When ANY child has headaches, something is wrong. They don’t just happen and they darn sure aren’t because that child is deficient in some medication. And yet, we seem to think this is the case because the administration of medication seems to be the treatment of choice in mainstream medicine.
Even if a medication controls the headache for that moment, it has in no way, shape or form fixed what was causing the headache. As a parent, it is your job to NEVER accept anything less than an answer.
You suffer from headaches and have been searching for some type of chronic migraine relief; so your PCP should send you to a neurologist, right?
It sounds like a great place to start. After all, your headache is in your head and deals with your nervous system, right? If you’ve been reading the Rantings for any time now, you understand how flawed this method of thinking is. Migraines may be felt in the head, but they are really a problem with your entire body. Something is wrong, and your body is screaming at you to fix it in the loudest way possible.
One of the learned would of course be me. I can say this because I’ve written a book on the integrative management of migraines and epilepsy (which is, unfortunately not the name of the book–my select members of a focus group nixed this title pretty quickly, leaving me with less dramatic: Migraines and Epilepsy; How to find relief, Live well and Heal your brain).
Sounds like a scary title, huh? Good, because if you suffer from migraines, you NEED to understand how serious this truly is.
And it is not about controlling the headache. Although this may be the immediate need, this limited approach does nothing for protecting your brain. And make no mistake–migraine sufferers have a greatly increased risk for things like heart disease, stroke and dementia. Masking the headache with medication does not change your increased risk–it’s still going to happen unless you do something about it.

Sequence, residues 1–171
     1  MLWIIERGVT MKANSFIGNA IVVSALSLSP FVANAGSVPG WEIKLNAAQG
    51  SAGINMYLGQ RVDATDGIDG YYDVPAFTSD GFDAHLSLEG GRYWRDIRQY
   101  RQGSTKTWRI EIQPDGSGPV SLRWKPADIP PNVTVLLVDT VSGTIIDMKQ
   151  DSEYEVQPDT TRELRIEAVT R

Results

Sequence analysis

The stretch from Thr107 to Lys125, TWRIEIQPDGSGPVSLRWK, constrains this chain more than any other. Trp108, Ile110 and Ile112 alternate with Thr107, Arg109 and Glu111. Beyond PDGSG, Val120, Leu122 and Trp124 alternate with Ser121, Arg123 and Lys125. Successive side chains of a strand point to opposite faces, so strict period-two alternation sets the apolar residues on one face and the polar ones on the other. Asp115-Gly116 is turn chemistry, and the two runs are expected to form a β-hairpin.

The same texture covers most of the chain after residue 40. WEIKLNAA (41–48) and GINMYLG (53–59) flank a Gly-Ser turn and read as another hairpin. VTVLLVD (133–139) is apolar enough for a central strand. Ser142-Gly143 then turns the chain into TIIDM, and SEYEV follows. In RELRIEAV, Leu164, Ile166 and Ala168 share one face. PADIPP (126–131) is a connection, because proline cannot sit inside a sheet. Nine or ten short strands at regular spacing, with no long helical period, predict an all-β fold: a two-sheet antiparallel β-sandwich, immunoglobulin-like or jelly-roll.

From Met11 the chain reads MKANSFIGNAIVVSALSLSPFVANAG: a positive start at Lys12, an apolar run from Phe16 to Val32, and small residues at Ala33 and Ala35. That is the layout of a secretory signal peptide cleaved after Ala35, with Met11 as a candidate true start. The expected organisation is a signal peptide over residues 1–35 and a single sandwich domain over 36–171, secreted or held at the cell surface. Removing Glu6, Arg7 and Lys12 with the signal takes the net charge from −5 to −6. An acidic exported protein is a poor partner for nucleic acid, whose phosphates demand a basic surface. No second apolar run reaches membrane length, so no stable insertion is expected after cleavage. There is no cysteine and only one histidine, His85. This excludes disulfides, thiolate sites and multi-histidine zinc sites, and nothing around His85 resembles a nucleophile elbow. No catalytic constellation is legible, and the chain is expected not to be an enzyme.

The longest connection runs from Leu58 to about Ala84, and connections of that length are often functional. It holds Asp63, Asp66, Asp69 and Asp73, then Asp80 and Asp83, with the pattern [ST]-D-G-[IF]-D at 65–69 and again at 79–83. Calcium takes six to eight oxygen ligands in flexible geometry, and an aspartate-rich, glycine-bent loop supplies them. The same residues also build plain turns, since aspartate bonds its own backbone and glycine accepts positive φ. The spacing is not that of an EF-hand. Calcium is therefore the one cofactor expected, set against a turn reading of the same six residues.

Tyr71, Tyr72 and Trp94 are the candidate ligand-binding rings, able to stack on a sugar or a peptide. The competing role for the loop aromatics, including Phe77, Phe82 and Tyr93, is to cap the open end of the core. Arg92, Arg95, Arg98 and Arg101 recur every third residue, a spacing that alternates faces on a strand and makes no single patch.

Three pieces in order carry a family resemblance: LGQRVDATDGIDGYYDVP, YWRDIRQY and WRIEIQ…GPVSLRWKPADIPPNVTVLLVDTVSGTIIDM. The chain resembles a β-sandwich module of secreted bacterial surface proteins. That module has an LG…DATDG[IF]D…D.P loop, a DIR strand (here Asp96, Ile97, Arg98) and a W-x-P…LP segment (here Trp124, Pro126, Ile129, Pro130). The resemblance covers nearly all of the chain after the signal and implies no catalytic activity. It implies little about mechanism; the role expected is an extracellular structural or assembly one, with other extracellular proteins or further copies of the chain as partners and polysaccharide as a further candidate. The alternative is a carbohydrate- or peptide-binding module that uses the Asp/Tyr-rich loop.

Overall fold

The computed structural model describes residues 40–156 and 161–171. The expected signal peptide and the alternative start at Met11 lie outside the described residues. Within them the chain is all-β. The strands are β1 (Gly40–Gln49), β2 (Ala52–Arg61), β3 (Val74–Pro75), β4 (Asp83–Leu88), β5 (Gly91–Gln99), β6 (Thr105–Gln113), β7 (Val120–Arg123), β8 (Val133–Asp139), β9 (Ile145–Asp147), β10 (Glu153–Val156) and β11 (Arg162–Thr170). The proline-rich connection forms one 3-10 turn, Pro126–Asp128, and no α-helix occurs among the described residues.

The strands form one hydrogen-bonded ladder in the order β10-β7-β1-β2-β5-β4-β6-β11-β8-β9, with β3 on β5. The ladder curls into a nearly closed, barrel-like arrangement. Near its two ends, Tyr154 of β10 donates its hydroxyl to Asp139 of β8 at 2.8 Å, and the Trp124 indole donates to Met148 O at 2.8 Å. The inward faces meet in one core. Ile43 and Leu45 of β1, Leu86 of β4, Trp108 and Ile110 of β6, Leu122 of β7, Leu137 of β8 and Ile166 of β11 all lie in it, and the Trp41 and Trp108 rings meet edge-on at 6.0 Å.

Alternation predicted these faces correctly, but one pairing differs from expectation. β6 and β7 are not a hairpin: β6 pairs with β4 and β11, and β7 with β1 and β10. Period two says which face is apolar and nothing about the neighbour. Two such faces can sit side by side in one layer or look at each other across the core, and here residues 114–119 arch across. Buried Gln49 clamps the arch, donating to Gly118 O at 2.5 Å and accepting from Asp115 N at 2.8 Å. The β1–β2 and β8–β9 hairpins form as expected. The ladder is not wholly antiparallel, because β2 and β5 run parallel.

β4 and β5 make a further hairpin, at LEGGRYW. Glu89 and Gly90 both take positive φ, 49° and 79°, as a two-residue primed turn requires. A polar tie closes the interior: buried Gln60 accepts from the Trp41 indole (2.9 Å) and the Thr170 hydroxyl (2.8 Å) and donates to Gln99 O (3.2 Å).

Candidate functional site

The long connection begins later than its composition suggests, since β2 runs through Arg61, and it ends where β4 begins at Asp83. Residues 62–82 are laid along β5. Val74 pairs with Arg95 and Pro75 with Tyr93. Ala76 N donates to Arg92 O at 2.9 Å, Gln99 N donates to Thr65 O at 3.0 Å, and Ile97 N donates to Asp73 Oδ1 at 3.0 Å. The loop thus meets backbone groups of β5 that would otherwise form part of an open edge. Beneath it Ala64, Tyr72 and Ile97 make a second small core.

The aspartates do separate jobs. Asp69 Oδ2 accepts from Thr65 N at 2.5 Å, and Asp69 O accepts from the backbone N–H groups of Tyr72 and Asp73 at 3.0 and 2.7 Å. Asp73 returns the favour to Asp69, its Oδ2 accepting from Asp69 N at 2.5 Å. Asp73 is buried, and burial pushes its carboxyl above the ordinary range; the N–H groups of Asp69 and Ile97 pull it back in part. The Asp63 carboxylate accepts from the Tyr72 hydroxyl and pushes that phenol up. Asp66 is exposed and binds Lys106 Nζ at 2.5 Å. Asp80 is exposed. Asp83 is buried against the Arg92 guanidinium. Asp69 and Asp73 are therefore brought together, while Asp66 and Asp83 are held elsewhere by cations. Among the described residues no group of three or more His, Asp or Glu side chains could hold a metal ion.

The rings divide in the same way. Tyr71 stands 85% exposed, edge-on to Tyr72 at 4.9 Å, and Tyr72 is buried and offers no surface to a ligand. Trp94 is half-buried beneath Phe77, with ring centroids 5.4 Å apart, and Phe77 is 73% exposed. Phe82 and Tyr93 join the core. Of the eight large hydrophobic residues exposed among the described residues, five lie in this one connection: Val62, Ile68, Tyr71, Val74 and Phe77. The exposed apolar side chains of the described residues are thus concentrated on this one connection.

Resection of Corrugator Supercilii Muscle Relieves Migraine
A small muscle typically cut with plastic surgery around the eyes was shown to lower incidence of migraines in patients. The question here is; were these patients truly suffering from a migraine, or were they tension headaches?? I cannot begin to guess how many patients have come into my office saying they have migraines, and yet no one has ever touched their necks.
This is one of those “I’m a chiropractor so this will be biased” articles. This bias is further accentuated by the fact that I’ve written a Migraines and Epilepsy book. This article describes that ONE thing that EVERY single headache sufferer needs to do, and yet rarely do.
I understand headaches very well. Migraines. Tension type headaches. Cervicogenic headaches. Sinus headaches. Unfortunately, many chronic headache sufferers actually experience many different types of headaches. Since most physicians have a single tool to use, they can only address a single type of headache at a time. This is why it seems like no treatment works—it’s rare that a single treatment that is going to help for more than one type of headache.
I am not saying that it’s not the short-term goal. If you’ve ever spent time on some of the social networking sites that relate to migraine headaches, you’ll realize just how devastating and life-shattering migraine headaches can be. Jobs, relationships and lives in general can be restricted to living like a hermit in constant pain.
Anyone with a neurological condition, whether anxiety, depression, epilepsy, migraines or MS, will tell you that symptoms wax and wane. But why?
While a common occurrence, it seems that few question why this is so. It is considered more as just a course of the condition. But what if the fluctuations of symptoms are not only explainable, but possibly controllable?
At it’s foundation, these two conditions share the same mechanism. I have personally known this for at least a decade, but the information seems to be taking a while to get out there. Which may seem strange because chronic migraine headaches and seizures are both within the realm of neurology. Indeed, over the past few years there has been increasing overlap between anti-seizure drugs being used to treat migraines (Topamax, for example). Taking this even further, anti-seizure medications like Depakote have also been used to treat certain psychological disorders like bipolar disorder.
There ARE answers to eliminating or reducing your chronic migraine headaches, but the solution is not likely going to come in a pill.
Having been active on several of the larger Facebook migraine groups, the attitudes seem to be split. There are those who are seeking answers because they know that there is an answer someone out there. The others are there for support because they do not ultimately feel like there is a solution for their chronic headaches. This group does not like to see the word “cure” anywhere near chronic migraine headaches because they do not believe that there is such a thing.